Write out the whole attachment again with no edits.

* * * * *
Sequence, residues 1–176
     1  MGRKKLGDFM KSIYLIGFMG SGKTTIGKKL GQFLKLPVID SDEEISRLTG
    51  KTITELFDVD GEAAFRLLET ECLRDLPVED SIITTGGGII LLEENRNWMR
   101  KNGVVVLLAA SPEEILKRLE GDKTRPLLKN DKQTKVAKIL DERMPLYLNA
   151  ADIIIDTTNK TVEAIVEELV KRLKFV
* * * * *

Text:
Sequence, residues 1–176
     1  MGRKKLGDFM KSIYLIGFMG SGKTTIGKKL GQFLKLPVID SDEEISRLTG
    51  KTITELFDVD GEAAFRLLET ECLRDLPVED SIITTGGGII LLEENRNWMR
   101  KNGVVVLLAA SPEEILKRLE GDKTRPLLKN DKQTKVAKIL DERMPLYLNA
   151  ADIIIDTTNK TVEAIVEELV KRLKFV